What does the Swiss army have to do with learning Swiss German? Simply put, if you want to learn a language, it‘ s easiest if you understand the culture and system of your host country. That is why we explore this subject in this article. You will see; even in this area, Switzerland is a little different.
What is the Swiss army?
Switzerland has two armed forces that form the Swiss army: the army and the air force. As Switzerland is a landlocked country, it doesn’t need a marine force. The only water at the borders are the lakes and they are patrolled by the engineer corps of the army and/or the cantonal police.
The defence division in charge of the army is part of the Federal Department of Defence, Civil Protection and Sport (DDPS). It is the backbone of the Swiss Army and responsible for all planning, leading and administration. Switzerland has four official languages (German, French, Italian and Romansh) and, hence, also four different names for the army. In the German part of Switzerland, the Swiss army is called Schweizer Armee; in the French part, Armée Suisse; in the Italian part, Esercito svizzero; and in the Romansh part, Armada svizra. In case you wanted to know what the army is known as in English speaking countries – it’s called the Swiss Armed Forces.
Mandates of the Swiss Army
The mandates of the Swiss army are stipulated in the federal constitution (Here is a copy in German) and, more specifically, in the Swiss Military Code. For instance, “d’Schwiizer Armee” (en.: Swiss Army) has the mandate to prevent war and contribute to maintaining peace. Furthermore, the army has to defend Switzerland and its citizens as well as contribute to international peace keeping efforts
Finally, the army is also mandated to assist civil authorities in case of severe threats to domestic security and manage both domestic and foreign crises. Our army is not just equipped to wage war, but is primarily engaged in keeping the peace.
Under Switzerland’s militia system, only 5% of soldiers in the army are professional soldiers. The rest of the armed forces are made up of conscripts or volunteers between the ages of 20 and 34. All Swiss men must attend a military conscription eligibility screening. One of many abilities tested at this “Ushebig” (en.: roundup) are the sports abilities of the candidate. Everyone found suitable for service (not “UT” untaughlich) is assigned to a unit and, usually upon completion of an apprenticeship or other education, must ”Ihrucke” (en.: mesh) into the “RS” (en.: recruit school). Recruits undergo basic training for a period of 18 to 21 weeks. After this basic training, soldiers are drafted into the ”WK” (Wiederholungskurs – en.: repeat course) which they attend on a yearly basis for 3 weeks until they have completed their commission of 300 days.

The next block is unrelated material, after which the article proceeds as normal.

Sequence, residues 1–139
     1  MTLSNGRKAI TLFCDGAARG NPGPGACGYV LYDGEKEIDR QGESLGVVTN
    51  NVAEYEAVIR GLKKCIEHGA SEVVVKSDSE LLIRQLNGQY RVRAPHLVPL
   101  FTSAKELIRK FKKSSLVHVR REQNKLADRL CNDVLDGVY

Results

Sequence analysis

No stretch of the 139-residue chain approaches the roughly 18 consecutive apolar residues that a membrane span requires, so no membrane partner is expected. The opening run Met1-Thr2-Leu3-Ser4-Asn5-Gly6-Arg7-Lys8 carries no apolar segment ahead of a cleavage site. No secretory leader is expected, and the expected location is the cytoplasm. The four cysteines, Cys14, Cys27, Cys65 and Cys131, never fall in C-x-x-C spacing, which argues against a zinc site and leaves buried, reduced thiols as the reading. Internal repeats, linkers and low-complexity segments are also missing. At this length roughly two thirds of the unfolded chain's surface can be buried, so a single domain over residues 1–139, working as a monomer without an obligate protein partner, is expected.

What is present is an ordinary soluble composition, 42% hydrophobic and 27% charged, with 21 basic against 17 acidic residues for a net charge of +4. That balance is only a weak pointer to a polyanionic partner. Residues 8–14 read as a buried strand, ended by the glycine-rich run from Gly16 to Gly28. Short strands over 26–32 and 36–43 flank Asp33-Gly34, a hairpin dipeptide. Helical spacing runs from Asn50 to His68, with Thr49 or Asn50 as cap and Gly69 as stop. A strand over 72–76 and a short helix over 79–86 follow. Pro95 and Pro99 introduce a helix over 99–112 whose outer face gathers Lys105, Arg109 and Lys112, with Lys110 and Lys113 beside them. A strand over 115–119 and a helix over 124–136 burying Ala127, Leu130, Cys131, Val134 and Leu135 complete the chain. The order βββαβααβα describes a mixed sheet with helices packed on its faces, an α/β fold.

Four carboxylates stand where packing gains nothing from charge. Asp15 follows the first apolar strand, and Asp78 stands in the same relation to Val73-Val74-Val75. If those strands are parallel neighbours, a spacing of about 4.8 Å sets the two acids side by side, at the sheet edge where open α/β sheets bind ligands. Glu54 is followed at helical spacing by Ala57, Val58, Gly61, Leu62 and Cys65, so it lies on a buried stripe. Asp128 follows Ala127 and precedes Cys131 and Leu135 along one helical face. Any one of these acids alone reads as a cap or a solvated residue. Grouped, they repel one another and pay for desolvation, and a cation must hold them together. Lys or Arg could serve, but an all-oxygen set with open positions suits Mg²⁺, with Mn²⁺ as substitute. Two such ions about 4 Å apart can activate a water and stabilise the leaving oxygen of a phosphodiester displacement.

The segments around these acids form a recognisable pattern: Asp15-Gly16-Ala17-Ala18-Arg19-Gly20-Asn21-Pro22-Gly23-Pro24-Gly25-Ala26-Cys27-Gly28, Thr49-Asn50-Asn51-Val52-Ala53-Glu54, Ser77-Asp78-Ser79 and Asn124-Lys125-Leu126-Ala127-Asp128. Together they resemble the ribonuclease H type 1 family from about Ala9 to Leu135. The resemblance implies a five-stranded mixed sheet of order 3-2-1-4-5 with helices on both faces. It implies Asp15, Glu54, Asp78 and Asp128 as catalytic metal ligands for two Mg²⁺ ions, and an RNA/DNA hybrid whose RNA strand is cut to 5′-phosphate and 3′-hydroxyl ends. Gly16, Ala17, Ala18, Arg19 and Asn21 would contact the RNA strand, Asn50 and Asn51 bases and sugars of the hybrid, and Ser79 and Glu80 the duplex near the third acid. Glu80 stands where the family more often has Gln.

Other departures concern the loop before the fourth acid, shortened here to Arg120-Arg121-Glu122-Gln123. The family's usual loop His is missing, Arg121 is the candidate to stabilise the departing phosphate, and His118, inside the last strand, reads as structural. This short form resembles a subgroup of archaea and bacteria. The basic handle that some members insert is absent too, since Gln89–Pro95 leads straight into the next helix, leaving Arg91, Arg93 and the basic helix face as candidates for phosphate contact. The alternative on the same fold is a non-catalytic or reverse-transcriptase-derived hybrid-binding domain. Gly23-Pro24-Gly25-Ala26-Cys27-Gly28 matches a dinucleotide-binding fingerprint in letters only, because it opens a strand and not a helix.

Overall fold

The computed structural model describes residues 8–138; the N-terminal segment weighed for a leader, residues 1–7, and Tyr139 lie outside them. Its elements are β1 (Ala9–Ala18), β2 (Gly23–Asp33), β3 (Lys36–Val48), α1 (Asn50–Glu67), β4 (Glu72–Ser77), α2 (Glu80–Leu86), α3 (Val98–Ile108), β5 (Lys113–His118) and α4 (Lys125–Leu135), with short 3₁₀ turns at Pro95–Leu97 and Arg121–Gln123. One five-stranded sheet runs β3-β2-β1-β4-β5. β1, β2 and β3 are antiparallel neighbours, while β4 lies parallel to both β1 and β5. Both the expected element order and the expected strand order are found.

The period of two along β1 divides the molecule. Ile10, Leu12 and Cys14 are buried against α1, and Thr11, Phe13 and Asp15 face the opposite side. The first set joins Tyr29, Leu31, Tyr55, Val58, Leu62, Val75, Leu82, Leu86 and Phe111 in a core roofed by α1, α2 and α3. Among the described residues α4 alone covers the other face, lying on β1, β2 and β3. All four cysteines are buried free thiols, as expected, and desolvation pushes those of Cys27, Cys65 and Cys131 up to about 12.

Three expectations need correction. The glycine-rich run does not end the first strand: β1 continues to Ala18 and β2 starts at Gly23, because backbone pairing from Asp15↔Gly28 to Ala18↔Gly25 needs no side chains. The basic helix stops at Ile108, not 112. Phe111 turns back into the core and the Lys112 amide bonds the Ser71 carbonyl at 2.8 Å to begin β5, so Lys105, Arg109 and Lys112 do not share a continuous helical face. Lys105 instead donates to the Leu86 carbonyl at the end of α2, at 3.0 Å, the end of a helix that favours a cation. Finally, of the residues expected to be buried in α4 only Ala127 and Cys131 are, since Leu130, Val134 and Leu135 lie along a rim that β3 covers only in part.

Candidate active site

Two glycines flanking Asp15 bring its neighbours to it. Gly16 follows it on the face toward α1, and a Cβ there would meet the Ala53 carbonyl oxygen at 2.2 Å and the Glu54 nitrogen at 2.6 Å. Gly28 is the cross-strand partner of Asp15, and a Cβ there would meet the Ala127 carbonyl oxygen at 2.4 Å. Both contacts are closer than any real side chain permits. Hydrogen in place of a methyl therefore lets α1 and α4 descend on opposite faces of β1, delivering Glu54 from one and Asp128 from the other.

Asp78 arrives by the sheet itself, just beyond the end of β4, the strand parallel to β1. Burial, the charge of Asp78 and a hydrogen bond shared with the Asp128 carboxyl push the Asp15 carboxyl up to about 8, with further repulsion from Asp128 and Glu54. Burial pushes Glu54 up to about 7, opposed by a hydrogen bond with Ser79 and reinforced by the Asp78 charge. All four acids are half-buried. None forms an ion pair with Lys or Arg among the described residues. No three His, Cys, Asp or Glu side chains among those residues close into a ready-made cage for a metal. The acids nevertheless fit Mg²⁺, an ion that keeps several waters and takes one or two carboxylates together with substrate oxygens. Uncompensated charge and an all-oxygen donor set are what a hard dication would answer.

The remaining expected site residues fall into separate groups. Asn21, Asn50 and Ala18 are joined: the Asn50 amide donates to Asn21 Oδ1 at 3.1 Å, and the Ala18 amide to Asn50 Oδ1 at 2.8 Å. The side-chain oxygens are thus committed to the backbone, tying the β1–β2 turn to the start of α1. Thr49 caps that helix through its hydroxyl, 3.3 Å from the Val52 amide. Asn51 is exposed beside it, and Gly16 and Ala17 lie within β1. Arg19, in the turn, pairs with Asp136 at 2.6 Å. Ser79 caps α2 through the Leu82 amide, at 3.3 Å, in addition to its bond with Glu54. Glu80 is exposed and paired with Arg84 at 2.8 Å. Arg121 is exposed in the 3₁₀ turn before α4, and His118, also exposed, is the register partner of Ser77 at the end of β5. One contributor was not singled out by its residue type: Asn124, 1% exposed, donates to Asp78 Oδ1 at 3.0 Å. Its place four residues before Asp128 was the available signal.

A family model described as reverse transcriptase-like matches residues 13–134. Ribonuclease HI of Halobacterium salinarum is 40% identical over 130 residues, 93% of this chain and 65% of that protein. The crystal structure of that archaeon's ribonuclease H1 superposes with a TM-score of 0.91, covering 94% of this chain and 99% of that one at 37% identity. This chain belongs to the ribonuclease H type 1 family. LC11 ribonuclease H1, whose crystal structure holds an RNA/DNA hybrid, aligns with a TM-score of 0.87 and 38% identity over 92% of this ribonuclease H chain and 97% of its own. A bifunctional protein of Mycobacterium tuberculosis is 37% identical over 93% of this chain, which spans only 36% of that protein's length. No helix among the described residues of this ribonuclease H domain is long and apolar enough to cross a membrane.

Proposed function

Since the army reform XXI was adopted, it is also possible to complete one’s military service in one block. Single term conscripts absolve all their WKs directly after basic training and so are “im Tenue grüen” (en.: green clothes) for nearly a year.
As all young men deemed fit to serve are conscripted, some wonder why young women would want to join the army as they don’t have to. It is, however, a rather special experience for all who go and many look back with some fondness to recruit school. It’s definitely a life experience and many friendships that start in recruit school last for life. Certain expressions like “Lilö” (Lichterlöschen – en.: lights out) or”Sbg” (Suchen bis gefunden – en.: seek until found) stay forever and can still cause a chuckle or two.
Women in the army
Military service in the Swiss Armed Forces is not mandatory for women. In contrast to men who, as described above, “ihrucke müend” (en.: have to mesh), women only join up if they want to. In the past, they were not allowed to join the fighting forces, but, in these more enlightened times, women are free to serve in all units of the armed forces. For nine years now, they also have had to be as physically fit as the men and perform the same duties.
The army offers women in Switzerland the opportunity to learn new things and gain experience through their service to the community and in the safeguarding of Switzerland. Female soldiers in the Swiss Armed Forces are confident, committed and independent and make up approximately 0.6% of the army.
Every Swiss soldier is equipped with a Sturmgewehr 90 (SIG550). Exceptions to the rule are military police grenadiers, canine handlers, medics and command support secretaries who carry 9mm pistols Pistole 75 (SIG SAUER P220). Officers and higher non-commissioned officers also carry these pistols which are slowly being replaced by the Pistole 03 (SIG SP 2009).
Another nifty gadget that every Swiss soldier receives and gets to keep is a Swiss army knife. This “Sackmesser” (en.: penknife) has to be kept clean and usable at all times; this is regularly checked by the higher ups!
“Die chli Schwiiz” (en.: the little Switzerland) has a reputation for being neutral and objective. In fact, neutrality is one of the most important principles of Swiss foreign policy. It means that Switzerland does not engage in armed conflict with and between other nations. However, Switzerland is not the only country in Europe that is neutral; The Principality of Liechtenstein, the Vatican State, Austria, Sweden, Malta and Monaco all follow a policy of neutrality.
Now you know quite a bit about the Swiss Armed Forces, which still have an essential role to play within Swiss society.
If you would like to learn Swiss German easily and online, take a look at our course at Learn-Swiss-German.ch. We offer the perfect path to integration within Switzerland.